Australian Open 2014 Men's Final: Defeat Isn't Worrying Sign for Rafael Nadal

Joseph ZuckerFeatured ColumnistJanuary 26, 2014

Rafael Nadal of Spain reacts as he speaks during the trophy presentation,  after his loss to Stanislas Wawrinka of Switzerland in the men's singles final at the Australian Open tennis championship in Melbourne, Australia, Sunday, Jan. 26, 2014.(AP Photo/Andrew Brownbill)
Andrew Brownbill/Associated Press

The sky isn't falling for Rafael Nadal after his loss to Stanislas Wawrinka in the 2014 Australian Open.

Coming into the final, Nadal was a perfect 12-0 against Wawrinka, failing to drop a single set. Now, both those winning streaks are out the window following Wawrinka's four-set win, 6-3, 6-2, 3-6, 6-3.

Some may argue that Nadal's myriad of injury problems cast a shadow over what was an otherwise dominant performance. But that shouldn't be the case, with even Rafa giving Wawrinka plenty of props after the match, per the Australian Open:

Plain and simply, Wawrinka was far and away the better player. His backhand was brilliant, and he never let Rafa get into the match. He kept pushing forward, piling more pressure on his opponent.

All of that doesn't mean this match is the proverbial canary in the coal mine for Nadal, though.

In general, the Australian Open is always unkind to the world's best players. It happens so early in the year that most aren't anywhere near their best. They come in with one, maybe two tournaments under their belt and then have the first Grand Slam of the year.

That lack of match practice helps to level the playing field to a certain extent.

When judging Rafa's overall performance at the Australian Open, let's remember what he was doing around this time last year. He had withdrawn from the Aussie Open with a stomach virus. There was also the little matter of the knee tendinitis that had forced his withdrawal from the 2012 U.S. Open.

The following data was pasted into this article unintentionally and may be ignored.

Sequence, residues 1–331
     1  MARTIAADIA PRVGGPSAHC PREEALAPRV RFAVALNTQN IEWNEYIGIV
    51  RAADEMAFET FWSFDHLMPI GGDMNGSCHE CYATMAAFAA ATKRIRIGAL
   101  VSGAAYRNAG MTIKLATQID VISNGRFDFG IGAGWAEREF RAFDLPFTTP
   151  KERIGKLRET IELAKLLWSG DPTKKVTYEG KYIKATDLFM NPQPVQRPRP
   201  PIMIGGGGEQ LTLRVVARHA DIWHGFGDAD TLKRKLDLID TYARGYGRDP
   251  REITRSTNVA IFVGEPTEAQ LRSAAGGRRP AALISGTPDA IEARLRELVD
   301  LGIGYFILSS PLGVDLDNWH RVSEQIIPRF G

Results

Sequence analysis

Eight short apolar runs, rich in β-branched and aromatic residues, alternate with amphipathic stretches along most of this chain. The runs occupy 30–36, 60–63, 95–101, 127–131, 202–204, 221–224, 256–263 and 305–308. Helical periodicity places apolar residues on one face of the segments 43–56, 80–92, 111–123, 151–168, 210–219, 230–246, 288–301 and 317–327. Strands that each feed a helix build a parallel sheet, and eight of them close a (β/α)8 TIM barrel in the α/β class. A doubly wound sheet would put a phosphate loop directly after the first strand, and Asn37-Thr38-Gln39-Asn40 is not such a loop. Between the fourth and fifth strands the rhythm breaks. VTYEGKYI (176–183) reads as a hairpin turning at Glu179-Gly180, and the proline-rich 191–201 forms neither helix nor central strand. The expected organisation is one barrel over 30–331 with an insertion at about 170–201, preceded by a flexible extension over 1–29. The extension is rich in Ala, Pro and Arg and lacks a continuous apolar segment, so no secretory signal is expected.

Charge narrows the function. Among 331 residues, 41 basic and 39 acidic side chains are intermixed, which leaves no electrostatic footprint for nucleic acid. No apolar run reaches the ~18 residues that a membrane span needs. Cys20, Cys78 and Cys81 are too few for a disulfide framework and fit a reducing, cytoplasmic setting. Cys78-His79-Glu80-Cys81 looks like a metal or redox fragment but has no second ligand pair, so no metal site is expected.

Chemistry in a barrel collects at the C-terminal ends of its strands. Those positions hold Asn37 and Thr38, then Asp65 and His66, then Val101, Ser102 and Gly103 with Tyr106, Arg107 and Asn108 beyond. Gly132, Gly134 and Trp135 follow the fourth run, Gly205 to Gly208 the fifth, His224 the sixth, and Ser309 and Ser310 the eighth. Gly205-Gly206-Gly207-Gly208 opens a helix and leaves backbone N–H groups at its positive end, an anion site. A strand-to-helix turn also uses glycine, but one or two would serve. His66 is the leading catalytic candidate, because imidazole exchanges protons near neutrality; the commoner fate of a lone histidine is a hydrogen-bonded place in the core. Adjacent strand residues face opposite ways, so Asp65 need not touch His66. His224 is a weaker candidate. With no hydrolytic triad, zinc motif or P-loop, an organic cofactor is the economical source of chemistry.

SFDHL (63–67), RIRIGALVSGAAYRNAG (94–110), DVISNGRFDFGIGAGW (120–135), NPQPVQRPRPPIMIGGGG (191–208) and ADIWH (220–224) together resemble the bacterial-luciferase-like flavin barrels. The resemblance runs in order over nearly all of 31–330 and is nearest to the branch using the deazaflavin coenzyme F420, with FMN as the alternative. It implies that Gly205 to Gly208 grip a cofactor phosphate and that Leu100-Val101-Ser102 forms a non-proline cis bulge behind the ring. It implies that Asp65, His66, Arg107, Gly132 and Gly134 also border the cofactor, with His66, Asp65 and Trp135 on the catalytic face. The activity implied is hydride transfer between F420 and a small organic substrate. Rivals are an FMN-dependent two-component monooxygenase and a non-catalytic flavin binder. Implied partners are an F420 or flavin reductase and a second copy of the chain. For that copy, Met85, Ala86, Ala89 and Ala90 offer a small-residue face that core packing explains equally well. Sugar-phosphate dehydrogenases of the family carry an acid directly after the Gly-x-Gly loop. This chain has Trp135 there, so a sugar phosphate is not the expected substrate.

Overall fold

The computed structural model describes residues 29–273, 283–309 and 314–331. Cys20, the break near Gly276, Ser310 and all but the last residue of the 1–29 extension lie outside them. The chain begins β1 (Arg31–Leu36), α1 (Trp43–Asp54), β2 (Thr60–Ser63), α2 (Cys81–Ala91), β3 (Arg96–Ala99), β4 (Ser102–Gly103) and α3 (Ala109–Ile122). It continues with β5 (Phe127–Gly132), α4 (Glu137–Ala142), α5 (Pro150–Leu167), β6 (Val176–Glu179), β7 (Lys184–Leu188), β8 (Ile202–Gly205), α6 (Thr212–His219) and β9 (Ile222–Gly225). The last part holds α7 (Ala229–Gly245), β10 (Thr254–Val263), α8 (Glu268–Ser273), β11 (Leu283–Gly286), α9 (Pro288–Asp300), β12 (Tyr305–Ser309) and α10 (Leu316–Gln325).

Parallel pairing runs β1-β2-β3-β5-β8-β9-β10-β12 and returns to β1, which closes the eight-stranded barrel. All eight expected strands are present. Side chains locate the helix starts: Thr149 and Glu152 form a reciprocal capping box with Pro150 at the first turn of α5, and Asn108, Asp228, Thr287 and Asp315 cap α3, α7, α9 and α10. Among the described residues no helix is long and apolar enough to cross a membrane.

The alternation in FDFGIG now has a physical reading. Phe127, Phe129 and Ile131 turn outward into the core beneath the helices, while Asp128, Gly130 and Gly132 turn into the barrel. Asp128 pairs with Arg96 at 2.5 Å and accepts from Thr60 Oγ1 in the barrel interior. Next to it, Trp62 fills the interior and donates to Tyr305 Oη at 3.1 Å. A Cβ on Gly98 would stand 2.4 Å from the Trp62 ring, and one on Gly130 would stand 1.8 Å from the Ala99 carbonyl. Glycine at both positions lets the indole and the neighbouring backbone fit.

Some, including myself, wondered if he'd ever be the same again. Nadal's knees had given him problems before, but never to the extent they did in 2012. There was a big question as to whether he'd be the same player again and retain that physical superiority over his opponents.

Rafa then went ahead and won both the French and U.S. Opens and was named the No. 1 player in the world to end 2013. So he's recovered from a slow start to the season before; there's no doubt that he can do it again.

However, Nadal will need to get healthy.

Sports Illustrated's Jon Wertheim noted how much was working against Rafa in the Australian Open final:

Then he tweaked his back and wasn't just in visible pain, but virtually incapacitated for several game. After returning to the court after a medical timeout, he was booed by the crowd (which appeared to rattle him further). He recovered -- and clawed back good will from the fans -- but, even after winning the third set, was clearly compromised.

A rather grotesque blister also hindered his performance in this tournament.

As long as that blister goes away and his back isn't an issue, Nadal is the best player in the world. There's a lot of time between now and the French Open. Once Rafa gets to Roland Garros, he should be 100 percent and should pick up from where he left in 2013.

When you couple everything with Nadal's spotty record in Melbourne—one win and two appearances in the final in nine total Australian Open appearances—this loss looks more like an aberration rather than a sign of things to come.